Chhath - the four-day mega festival - concluded on Wednesday morning with lakhs across India and world paying obeisance to the rising Sun. Devotees offered 'arhgya' to the rising Sun marking the end of the festival.
Chhath is a major festival in eastern Uttar Pradesh, Bihar and Jharkhand, although it is celebrated in other parts of the country as well where Purvnanchalis are settled in significant numbers. | Chhath of Hindustan: In Pics
The festival is celebrated on the sixth day after Diwali. Chhath Puja relives the age-old tradition of paying obeisance to the Sun God.
The Delhi government had declared a public holiday on the occasion of Chhath. Huge crowds of fasting worshippers accompanied by their family members, relatives and friends thronged the ghats in all parts of the city. Agencies of the Delhi government had set up ghats for Chhath at around 1,000 locations, officials said.
About 3,000 traffic police personnel were deployed at around 200 major intersections leading to the ghats, most of them in the central, north, east and southeast districts, to ensure smooth flow of vehicular movement.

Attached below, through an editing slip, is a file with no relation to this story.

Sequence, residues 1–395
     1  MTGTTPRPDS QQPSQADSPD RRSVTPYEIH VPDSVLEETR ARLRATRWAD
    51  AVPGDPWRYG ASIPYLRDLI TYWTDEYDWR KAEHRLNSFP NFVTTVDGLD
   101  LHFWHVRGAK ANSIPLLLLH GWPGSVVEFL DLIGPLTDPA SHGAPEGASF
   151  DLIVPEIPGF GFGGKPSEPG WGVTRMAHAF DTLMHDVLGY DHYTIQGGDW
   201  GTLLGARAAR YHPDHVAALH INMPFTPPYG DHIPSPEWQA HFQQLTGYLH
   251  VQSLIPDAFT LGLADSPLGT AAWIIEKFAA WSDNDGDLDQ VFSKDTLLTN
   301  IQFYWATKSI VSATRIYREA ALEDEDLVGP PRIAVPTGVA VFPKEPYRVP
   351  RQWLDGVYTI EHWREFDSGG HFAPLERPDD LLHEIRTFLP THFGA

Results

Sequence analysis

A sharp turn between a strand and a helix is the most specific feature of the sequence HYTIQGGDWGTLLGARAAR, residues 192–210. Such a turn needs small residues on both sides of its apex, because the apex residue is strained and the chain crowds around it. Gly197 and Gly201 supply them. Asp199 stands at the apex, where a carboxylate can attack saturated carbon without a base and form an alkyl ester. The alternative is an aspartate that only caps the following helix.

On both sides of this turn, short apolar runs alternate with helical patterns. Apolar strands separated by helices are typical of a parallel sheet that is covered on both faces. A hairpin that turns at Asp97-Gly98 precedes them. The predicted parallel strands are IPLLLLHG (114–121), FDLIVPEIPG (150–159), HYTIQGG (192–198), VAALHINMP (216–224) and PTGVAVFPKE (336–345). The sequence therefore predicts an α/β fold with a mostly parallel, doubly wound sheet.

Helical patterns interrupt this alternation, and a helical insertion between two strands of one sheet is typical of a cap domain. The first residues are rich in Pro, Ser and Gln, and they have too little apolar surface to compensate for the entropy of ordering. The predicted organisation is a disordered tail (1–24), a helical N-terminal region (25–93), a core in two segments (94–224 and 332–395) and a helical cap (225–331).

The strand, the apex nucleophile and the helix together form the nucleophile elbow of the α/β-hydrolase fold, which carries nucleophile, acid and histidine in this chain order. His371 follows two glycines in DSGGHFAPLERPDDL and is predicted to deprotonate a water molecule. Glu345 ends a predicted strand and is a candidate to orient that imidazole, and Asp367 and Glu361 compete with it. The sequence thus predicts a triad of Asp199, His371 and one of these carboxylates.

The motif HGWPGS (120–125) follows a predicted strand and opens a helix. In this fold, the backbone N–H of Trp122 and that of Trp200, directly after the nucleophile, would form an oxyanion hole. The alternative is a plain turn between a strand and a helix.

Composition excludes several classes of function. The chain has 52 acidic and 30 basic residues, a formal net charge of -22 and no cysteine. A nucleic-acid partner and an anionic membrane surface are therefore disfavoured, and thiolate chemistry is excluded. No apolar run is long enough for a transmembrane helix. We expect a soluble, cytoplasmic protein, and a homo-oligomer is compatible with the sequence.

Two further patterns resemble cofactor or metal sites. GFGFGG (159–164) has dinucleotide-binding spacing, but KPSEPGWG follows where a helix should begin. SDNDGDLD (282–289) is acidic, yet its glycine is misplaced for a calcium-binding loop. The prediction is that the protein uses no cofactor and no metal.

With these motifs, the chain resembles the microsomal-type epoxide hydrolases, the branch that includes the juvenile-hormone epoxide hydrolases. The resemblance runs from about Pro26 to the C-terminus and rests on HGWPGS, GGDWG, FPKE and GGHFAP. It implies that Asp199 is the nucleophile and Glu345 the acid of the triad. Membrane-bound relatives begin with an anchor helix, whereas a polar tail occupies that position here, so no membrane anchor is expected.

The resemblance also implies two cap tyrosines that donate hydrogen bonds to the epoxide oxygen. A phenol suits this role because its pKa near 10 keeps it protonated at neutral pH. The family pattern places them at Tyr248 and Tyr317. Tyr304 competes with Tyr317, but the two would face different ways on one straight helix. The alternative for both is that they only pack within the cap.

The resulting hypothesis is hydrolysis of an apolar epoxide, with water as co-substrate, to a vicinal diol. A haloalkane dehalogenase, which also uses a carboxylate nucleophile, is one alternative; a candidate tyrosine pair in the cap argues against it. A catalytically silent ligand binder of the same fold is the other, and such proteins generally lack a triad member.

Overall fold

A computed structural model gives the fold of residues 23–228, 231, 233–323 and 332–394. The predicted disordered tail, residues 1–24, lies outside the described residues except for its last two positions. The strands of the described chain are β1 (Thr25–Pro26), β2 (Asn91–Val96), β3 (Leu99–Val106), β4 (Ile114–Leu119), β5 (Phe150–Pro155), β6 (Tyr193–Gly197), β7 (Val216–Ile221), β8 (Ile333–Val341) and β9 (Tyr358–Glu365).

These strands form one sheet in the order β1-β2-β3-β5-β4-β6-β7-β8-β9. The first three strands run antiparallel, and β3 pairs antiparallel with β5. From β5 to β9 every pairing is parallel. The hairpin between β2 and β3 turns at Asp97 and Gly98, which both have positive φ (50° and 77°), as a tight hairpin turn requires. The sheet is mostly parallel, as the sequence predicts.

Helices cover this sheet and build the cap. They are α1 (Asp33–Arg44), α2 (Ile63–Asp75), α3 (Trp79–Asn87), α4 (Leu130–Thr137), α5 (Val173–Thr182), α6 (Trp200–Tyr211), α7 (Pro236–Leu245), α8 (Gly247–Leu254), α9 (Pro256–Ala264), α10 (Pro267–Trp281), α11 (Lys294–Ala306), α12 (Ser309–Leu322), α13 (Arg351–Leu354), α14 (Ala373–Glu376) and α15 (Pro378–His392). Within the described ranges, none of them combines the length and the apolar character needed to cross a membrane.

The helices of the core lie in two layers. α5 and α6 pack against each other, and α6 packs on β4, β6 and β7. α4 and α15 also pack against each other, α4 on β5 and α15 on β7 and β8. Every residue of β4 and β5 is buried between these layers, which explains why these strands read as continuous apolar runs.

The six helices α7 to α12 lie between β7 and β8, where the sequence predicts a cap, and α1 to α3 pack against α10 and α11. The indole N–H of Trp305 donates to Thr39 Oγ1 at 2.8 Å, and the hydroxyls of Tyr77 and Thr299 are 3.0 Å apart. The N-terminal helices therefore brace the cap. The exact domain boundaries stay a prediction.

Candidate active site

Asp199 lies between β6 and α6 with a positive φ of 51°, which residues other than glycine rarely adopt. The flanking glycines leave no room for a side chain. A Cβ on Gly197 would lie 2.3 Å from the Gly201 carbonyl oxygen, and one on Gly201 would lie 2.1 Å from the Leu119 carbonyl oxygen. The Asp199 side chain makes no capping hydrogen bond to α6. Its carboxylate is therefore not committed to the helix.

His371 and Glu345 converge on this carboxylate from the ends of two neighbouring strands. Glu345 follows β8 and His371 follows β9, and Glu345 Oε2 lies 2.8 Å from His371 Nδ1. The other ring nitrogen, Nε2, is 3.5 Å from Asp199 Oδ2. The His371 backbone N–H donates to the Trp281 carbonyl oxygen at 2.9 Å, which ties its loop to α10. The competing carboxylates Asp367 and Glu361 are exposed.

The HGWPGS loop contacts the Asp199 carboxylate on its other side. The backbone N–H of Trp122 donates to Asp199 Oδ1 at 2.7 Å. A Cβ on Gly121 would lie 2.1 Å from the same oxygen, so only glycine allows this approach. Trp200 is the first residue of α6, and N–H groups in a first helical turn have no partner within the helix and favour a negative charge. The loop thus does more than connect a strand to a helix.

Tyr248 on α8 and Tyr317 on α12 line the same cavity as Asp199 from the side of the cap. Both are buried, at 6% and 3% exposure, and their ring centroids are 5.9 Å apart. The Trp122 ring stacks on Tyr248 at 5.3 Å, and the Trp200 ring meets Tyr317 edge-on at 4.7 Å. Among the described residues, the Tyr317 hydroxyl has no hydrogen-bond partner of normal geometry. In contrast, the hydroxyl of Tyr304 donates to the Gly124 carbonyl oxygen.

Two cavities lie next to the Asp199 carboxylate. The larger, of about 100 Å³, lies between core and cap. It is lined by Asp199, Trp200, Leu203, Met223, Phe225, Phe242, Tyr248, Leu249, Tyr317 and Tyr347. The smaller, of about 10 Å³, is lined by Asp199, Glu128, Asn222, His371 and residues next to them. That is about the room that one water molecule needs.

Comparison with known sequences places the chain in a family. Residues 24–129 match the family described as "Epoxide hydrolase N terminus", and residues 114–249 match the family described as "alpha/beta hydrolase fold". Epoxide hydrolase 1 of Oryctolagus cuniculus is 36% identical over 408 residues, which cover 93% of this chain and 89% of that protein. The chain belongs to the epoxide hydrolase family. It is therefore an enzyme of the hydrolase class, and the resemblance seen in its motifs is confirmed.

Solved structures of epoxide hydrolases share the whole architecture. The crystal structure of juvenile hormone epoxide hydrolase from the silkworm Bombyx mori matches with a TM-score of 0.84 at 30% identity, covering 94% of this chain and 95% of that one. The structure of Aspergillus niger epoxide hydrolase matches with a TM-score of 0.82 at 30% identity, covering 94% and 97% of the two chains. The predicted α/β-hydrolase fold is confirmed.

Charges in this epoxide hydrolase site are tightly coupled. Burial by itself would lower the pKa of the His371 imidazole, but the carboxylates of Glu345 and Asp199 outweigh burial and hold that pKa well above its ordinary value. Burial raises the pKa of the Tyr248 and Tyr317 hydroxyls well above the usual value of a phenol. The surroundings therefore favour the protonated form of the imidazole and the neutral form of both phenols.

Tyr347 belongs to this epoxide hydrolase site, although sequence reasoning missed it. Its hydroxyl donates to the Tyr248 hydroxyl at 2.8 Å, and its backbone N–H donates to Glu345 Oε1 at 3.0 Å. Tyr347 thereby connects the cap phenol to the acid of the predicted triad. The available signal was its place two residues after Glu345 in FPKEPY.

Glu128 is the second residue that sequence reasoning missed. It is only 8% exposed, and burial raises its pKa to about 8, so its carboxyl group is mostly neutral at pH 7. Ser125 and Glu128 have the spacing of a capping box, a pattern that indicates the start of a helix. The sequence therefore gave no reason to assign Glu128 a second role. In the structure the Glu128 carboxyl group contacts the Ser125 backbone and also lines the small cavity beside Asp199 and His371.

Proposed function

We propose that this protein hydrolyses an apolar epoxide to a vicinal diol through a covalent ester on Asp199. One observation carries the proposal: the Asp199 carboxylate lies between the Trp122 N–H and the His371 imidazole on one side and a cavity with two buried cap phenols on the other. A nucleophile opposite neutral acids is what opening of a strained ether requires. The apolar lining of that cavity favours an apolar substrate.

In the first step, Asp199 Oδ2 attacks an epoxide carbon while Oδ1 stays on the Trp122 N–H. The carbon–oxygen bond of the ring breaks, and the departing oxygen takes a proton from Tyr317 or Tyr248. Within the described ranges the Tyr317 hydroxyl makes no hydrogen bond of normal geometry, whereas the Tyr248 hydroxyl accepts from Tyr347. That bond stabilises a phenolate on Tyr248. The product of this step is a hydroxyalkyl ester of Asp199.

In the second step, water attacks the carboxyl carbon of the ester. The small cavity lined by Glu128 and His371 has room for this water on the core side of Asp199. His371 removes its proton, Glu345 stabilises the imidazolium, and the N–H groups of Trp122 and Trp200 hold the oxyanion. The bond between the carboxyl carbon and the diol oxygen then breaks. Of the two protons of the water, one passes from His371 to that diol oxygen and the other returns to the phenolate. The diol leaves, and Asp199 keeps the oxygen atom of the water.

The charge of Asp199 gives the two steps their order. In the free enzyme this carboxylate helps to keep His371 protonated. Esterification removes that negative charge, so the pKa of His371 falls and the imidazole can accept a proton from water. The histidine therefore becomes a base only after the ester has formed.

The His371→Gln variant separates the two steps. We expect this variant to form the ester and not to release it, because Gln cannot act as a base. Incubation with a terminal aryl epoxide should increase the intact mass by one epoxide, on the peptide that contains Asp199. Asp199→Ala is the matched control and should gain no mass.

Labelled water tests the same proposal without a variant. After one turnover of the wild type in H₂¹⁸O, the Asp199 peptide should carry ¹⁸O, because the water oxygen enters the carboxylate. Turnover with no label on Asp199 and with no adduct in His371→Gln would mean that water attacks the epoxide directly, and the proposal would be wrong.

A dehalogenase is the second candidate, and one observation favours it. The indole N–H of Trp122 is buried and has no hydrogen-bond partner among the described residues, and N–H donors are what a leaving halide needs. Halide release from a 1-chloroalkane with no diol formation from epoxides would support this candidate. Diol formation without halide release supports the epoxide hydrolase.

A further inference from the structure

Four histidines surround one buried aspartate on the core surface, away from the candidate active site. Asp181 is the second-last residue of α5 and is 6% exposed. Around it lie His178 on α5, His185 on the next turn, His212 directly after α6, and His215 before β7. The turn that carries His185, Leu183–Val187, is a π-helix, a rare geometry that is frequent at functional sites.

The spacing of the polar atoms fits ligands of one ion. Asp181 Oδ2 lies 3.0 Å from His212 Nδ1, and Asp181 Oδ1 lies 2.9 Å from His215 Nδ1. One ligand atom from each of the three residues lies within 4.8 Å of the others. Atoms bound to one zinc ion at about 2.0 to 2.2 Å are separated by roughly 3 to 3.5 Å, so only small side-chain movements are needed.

In Patna, all roads in the city led to the Ganga as lakhs of people made a beeline to the myriad ghats, all sparkling clean and decked up to receive the devotees taking part in Chhath Puja.
The fervour that had started building up with rituals like 'Nahay Khay' on Sunday, followed by 'Kharna" on Monday, hit a crescendo on Tuesday as the 'Chhath vratees', who observe a rigorous 36-hour fast and refuse to take even a sip of water as part of mandatory discipline for the occasion, made their journey to the ghats singing hymns in praise of the Sun god in local dialects like Bhojpuri, Maithili and Magahi.
While not all members of a family observe the grueling 36-hour-long 'nirjala' (without water) fast, there are a number of austerities which every relative of a 'Chhath vratee' is required to observe for the four-day period.